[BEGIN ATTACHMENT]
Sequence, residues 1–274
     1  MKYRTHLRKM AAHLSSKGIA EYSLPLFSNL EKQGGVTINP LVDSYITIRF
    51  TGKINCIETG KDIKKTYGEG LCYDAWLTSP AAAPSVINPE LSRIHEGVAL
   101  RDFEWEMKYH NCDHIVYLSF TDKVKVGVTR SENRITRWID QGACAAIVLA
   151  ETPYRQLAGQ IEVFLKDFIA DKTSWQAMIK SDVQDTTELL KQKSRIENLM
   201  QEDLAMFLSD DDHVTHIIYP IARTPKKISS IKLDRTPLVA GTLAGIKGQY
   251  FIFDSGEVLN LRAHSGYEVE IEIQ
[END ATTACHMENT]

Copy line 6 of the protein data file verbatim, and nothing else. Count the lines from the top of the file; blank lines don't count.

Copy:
   201  QEDLAMFLSD DDHVTHIIYP IARTPKKISS IKLDRTPLVA GTLAGIKGQY